Study: Downtown Indy Spending Power Doubles

Posted: Updated:
(photo courtesy of the Indy Chamber) (photo courtesy of the Indy Chamber)
INDIANAPOLIS -

A new study released by the Indy Chamber suggests a bright future for retailers in downtown Indianapolis. The study, “Downtown Indianapolis Retail Spending Power," was conducted by Chicago-based real estate research and advisory firm Hunden Strategic Partners and shows the total retail spending power of downtown residents, employees, students and visitors hit nearly $500 million in 2018, up from $200 million in 2000. That number is projected to reach $650 million by 2024.

Catherine Esselman, senior project manager for economic development at the Indy Chamber, tells Inside INdiana Business the goal is to use the data to help change the narrative for retail in downtown Indy.

"We're not known for shopping in downtown Indianapolis," said Esselman. "Those five demographics that this study looked at, students and residents, daytime visitors, overnight visitors and employees, nowhere else in the state can you find that diversity of person walking around on our streets and I think we need to tell that story to a national and regional audience and better equip our local brokers and developers and retailers to encourage them that this is a market that they should consider."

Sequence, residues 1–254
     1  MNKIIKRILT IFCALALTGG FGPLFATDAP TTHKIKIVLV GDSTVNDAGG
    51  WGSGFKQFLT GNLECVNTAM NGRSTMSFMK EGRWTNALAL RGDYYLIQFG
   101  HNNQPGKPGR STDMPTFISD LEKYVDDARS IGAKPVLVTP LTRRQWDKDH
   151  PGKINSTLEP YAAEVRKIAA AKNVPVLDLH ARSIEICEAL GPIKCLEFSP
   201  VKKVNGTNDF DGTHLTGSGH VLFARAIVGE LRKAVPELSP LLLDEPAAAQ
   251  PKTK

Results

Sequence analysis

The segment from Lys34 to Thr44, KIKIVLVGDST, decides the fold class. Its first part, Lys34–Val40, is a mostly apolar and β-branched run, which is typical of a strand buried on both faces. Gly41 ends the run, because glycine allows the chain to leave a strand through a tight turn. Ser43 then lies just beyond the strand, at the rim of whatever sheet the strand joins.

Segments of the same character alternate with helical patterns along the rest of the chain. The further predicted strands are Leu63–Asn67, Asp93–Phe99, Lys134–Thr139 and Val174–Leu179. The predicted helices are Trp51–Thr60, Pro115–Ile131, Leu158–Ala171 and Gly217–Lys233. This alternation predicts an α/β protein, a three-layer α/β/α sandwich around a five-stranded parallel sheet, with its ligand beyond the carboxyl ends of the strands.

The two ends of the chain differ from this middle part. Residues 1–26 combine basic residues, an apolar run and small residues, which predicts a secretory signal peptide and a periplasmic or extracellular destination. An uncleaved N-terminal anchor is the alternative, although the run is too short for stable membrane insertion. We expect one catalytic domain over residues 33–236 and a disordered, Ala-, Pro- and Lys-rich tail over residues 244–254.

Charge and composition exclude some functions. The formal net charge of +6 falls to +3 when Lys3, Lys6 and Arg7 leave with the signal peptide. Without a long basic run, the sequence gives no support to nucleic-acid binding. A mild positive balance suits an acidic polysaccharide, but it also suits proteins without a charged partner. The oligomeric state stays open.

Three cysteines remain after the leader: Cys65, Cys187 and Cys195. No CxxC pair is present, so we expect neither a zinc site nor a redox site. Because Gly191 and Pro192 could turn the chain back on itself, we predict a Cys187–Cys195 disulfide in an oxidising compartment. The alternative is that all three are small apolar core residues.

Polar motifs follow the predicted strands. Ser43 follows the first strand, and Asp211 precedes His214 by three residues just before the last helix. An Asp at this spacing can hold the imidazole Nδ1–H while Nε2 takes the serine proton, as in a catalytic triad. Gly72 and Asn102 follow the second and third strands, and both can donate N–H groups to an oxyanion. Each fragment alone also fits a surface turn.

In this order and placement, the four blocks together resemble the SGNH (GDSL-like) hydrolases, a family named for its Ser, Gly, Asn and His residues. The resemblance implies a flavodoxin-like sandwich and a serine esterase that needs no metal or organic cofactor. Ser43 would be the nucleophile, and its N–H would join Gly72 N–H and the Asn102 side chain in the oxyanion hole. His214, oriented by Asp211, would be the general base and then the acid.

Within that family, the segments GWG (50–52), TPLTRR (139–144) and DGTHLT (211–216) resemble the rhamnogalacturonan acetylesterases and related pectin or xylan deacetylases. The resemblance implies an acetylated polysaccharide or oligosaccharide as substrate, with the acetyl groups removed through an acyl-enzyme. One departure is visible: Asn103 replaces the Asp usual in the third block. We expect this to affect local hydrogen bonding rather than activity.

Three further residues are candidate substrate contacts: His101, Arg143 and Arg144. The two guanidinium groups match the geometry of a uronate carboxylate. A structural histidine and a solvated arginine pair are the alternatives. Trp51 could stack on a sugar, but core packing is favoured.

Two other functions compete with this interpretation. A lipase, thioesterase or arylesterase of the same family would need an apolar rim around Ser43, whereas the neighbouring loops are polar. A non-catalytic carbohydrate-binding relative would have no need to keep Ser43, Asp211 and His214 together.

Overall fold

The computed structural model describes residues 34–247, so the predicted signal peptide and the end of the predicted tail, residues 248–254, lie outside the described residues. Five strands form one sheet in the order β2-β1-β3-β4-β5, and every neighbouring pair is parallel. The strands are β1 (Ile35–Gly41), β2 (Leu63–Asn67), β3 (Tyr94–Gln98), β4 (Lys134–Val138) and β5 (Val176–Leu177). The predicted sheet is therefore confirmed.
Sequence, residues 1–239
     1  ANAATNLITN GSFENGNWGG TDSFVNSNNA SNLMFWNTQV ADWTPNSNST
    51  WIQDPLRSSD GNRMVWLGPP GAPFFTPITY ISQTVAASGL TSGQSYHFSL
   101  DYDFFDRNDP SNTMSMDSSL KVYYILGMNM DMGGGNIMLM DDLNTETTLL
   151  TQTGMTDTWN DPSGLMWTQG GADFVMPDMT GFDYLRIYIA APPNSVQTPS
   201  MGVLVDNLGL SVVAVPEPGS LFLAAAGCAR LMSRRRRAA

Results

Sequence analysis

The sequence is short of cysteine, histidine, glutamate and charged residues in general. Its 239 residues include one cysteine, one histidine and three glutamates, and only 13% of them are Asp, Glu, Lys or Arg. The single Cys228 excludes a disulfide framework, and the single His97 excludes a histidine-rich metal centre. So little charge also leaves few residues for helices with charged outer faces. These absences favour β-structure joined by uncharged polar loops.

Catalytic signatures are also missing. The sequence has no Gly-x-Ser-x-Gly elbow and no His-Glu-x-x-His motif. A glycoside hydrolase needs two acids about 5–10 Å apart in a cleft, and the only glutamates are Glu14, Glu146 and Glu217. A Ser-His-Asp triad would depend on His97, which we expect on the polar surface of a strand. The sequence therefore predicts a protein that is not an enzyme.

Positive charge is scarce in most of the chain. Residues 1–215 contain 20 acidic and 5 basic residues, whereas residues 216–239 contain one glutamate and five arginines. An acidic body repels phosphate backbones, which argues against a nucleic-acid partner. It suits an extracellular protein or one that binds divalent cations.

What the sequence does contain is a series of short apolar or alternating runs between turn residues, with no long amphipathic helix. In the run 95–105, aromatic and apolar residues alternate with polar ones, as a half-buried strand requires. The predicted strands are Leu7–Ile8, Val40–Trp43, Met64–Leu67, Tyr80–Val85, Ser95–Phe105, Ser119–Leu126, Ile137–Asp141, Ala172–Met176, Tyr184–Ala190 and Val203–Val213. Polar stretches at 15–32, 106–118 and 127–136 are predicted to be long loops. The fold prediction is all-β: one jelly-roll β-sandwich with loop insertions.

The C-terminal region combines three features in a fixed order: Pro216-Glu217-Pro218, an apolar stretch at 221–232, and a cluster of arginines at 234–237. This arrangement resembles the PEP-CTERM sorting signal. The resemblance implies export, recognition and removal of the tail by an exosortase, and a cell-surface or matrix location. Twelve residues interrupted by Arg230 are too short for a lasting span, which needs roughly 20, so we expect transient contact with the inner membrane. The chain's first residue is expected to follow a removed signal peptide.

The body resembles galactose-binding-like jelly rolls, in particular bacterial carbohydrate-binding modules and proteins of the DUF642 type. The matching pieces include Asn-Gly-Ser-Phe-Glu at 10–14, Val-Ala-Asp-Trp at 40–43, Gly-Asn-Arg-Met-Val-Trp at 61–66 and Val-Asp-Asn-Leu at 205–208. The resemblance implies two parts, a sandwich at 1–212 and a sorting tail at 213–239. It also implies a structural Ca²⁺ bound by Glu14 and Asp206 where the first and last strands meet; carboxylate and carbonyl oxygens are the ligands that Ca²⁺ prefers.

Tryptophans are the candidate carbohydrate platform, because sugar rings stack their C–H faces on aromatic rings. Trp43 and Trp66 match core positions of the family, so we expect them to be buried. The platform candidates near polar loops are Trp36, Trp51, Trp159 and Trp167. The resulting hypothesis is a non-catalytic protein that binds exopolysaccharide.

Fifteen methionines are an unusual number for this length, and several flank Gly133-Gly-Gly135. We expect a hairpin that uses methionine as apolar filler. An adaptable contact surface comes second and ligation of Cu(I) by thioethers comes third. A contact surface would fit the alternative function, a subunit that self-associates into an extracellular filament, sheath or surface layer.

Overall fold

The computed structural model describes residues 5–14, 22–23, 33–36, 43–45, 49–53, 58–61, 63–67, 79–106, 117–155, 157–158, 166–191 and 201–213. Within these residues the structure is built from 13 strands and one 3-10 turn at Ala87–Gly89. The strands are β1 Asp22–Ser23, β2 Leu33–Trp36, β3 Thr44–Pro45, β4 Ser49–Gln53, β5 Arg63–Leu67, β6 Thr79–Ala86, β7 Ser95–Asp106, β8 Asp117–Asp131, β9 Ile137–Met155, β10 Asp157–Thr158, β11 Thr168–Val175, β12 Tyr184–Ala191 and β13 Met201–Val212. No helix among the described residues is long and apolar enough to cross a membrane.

The study estimates that the average daily number of residents, visitors and employees in downtown Indy has risen to nearly 240,000 and about half of that increase comes from residential growth. 

One of the key findings from the report shows a significant demand for more diversity in retail options, such as grocery, general merchandise retailers, home and garden suppliers, and furniture stores, among others to "conveniently meet the daily needs of the downtown community."

"Retail means so many different things," said Esselman. "There's a desire to not have to travel to go to the store, to go to the north side or to the south side, but to be able to do that steps from your home or within a bike ride or a scooter ride. So it's thinking about how we shop and what sort of amenities and services, as well as daily needs are missing from our downtown market. One of the things that the report looked it is yes, we have $440 million worth of retail buying power but are people actually spending that dollar, or are those dollars leaving our market and we're not capturing those?"

The report comes as the Indy Chamber and the city of Indianapolis kicks off the BuyIN: Advancing Indiana's Retail Strategy initiative. The official launch of the effort takes place Wednesday evening and will include a discussion of retail programs and priorities, including an update on the St'Art Up 317 pop-up shop initiative taking place this month. 

"We're working to incorporate retail into our economic development strategy for the city of Indianapolis," said Esselman. "It is something that builds a sense of community (and) sense of place. We want to empower and equip those front line individuals, the commercial real estate brokers, the owners of mixed-use developments in that 2.5-mile radius, that they have these numbers and can take these data points and talk about their product and their offerings more effectively."

You can connect to the full report from HSP by clicking here.